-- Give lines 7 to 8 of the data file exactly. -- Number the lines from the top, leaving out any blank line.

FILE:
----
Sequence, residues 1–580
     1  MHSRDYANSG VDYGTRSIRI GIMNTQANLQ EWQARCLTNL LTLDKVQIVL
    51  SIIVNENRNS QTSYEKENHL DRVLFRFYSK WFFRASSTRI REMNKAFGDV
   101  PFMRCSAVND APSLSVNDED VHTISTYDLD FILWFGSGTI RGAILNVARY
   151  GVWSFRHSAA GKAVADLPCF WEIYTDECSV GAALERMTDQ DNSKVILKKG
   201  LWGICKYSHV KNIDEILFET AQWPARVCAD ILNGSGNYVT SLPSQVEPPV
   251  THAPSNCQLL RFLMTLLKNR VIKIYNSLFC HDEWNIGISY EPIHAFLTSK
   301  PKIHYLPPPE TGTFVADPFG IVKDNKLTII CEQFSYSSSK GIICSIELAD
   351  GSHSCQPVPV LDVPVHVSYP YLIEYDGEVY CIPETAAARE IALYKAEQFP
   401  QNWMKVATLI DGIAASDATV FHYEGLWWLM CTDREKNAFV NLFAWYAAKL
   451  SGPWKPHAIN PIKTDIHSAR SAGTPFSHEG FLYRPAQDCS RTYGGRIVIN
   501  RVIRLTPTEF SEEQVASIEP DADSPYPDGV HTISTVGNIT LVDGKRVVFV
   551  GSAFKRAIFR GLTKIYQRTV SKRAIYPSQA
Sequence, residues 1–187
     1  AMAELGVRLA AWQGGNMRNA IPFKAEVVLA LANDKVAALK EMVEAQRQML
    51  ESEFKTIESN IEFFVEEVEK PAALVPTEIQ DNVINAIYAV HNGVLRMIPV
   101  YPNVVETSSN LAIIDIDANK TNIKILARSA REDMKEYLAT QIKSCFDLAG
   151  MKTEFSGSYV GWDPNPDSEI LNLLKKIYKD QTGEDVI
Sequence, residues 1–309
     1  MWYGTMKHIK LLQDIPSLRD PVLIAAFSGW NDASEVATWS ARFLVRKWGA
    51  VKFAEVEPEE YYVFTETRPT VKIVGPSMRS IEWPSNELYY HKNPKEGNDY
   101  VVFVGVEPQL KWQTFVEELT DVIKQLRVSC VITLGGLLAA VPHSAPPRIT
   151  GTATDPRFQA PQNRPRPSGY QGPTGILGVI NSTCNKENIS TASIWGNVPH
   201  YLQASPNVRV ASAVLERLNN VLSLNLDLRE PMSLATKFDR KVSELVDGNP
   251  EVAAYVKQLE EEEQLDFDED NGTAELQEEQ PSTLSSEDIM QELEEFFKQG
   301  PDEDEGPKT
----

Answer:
   251  THAPSNCQLL RFLMTLLKNR VIKIYNSLFC HDEWNIGISY EPIHAFLTSK
   301  PKIHYLPPPE TGTFVADPFG IVKDNKLTII CEQFSYSSSK GIICSIELAD